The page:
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"New 75-mm Antitank Gun" from Intelligence Bulletin

[Intelligence Bulletin Cover]   A preliminary report on the new German 75-mm antitank gun, from the Intelligence Bulletin, July 1943.

[Editor's Note: The following article is wartime information on enemy tactics and equipment published for Allied soldiers. In most cases, more accurate data is available in postwar publications.]



As the effectiveness of the tank increases, especially as a result of more powerful armament and greater armor thickness, the development of antitank weapons is necessarily speeded up. Until recently the largest caliber German antitank gun (not to be confused with the dual-purpose AA/AT gun or with the tank gun) was the 50-mm (see fig. 1). However, the Germans now have a 75-mm antitank gun (see fig. 2), which they designate as the 7.5-cm Pak 40 [1].

[German 50-mm Antitank Gun]
Figure 1.—German 50-mm Antitank Gun.

Although this new long-barreled gun is very similar in appearance to the standard German 50-mm antitank gun, known as the 5-cm Pak 38, the new 75-mm has certain structural differences which may readily be detected: its shield is angular, and has a flat frontal section with two flat side pieces set at an angle of about 45° to the plane of the frontal section; its muzzle brake is broader and longer; and its sighting aperture is square.

[German 75-mm Antitank Gun]
Figure 2.—German 75-mm Antitank Gun.

The new 75-mm, exclusive of its carriage, is essentially the same weapon as the German 75-mm long-barreled tank gun, which the German Army designates as the 7.5-cm Kw. K. 40 [2] (the latter is now the principal armament of the Pz. Kw. 4, and also appears in two self-propelled versions.) The chief differences between the 75-mm antitank gun and tank gun are probably the substitution, in the antitank gun, of mechanical firing and percussion primer for electric firing and primer; the chamber of the antitank gun is also probably much longer. The breechblock is of the semiautomatic, horizontally sliding type.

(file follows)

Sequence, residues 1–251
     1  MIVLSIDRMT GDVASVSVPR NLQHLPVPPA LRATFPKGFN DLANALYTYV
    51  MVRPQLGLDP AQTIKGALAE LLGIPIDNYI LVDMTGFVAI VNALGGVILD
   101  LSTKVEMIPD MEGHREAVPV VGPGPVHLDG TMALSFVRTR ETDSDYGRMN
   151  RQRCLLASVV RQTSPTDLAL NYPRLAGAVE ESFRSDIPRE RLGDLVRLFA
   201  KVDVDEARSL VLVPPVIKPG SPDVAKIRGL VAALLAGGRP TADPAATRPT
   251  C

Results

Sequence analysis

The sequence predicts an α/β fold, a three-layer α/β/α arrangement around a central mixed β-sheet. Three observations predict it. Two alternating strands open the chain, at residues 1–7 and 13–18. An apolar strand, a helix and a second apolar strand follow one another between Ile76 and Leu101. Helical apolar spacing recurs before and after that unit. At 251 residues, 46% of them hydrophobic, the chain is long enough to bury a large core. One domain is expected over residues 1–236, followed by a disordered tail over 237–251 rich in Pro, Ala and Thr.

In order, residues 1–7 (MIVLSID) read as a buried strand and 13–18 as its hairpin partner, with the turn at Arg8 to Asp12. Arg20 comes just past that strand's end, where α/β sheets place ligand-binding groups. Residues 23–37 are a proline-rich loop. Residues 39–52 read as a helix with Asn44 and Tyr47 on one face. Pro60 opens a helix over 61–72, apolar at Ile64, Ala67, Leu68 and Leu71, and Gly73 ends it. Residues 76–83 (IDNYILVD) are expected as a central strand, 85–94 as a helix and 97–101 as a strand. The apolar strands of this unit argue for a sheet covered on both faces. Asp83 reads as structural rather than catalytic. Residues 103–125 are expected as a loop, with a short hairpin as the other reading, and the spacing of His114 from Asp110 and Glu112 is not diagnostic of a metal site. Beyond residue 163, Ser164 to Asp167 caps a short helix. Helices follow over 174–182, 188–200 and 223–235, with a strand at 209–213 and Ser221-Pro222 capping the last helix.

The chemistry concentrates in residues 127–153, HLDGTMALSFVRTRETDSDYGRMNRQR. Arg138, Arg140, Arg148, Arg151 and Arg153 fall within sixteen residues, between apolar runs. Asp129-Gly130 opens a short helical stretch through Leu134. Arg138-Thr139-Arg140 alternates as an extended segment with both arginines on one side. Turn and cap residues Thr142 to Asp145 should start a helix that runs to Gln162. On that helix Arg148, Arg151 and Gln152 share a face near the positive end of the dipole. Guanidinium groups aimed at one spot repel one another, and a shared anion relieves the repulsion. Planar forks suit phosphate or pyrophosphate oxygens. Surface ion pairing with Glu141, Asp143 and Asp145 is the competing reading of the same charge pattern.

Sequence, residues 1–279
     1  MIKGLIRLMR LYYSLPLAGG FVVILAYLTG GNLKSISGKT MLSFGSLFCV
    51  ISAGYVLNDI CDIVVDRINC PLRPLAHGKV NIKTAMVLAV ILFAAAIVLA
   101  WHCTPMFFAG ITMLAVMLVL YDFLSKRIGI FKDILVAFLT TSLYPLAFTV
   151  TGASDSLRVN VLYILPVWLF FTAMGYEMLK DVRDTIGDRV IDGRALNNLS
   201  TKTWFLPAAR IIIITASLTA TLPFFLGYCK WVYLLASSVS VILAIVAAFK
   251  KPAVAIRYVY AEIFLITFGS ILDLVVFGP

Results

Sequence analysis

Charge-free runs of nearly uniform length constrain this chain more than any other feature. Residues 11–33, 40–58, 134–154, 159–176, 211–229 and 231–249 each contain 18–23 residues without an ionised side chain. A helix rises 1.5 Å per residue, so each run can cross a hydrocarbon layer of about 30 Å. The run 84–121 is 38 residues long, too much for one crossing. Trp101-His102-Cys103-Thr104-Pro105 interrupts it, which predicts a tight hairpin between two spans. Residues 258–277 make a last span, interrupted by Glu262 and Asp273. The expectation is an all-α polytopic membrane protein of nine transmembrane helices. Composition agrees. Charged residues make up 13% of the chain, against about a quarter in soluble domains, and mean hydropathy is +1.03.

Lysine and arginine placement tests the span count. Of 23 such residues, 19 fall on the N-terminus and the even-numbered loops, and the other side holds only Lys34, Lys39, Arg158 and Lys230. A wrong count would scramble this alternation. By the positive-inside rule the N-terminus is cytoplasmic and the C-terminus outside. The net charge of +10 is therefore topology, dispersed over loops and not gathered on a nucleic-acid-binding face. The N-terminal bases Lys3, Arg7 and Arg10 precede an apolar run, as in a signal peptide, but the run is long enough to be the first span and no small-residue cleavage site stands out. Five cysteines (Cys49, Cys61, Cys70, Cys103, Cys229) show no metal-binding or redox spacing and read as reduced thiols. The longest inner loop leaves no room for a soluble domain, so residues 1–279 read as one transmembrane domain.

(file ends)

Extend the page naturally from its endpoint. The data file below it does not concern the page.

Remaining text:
The 75-mm antitank gun is mounted on a split-trail carriage, with torsion springing; this springing is automatically cut out when the trails are open. The light-alloy wheels are fitted with solid rubber tires. An unusual feature is a detachable third wheel, which can be fitted on near the trail spades, to permit easier manhandling. The gun has a double baffle muzzle brake.

Additional details about the weapon are as follows:

Over-all length in traveling position   _ _ _ _ _  19 ft. 2 in.
Over-all height  _ _ _ _ _  54 in.
Weight in action  _ _ _ _ _  3,350 lbs.
Length of barrel   _ _ _ _ _  10 ft. 6 in.
Length of recoil  _ _ _ _ _  35.43 in.
Elevation  _ _ _ _ _  +22 degrees.
Depression  _ _ _ _ _  5 degrees.
Traverse  _ _ _ _ _  65 degrees.

Four types of ammunition are used: high explosive, hollow charge, armor-piercing shot, and an armor-piercing tracer shell with a small explosive charge and an armor-piercing cap covered with a ballistic nose. The armor-piercing shot is the usual German steel casing enclosing a tungsten carbide core; it is fitted with tracer.

Detailed confirmed information regarding the effectiveness of this weapon is not yet available. It has a low silhouette, certainly, and this is always a definite advantage for an antitank gun. While the muzzle velocity is high, the tube is of monobloc construction and the propellant charge is very large; in view of this, the safety factor may be regarded as somewhat doubtful. Nevertheless, the Germans apparently have confidence in the gun, inasmuch as they are now manufacturing it as a standard weapon.

[1] Panzerabwehrkanone—antitank gun.
[2] Kampfwagen Kanone—tank gun.


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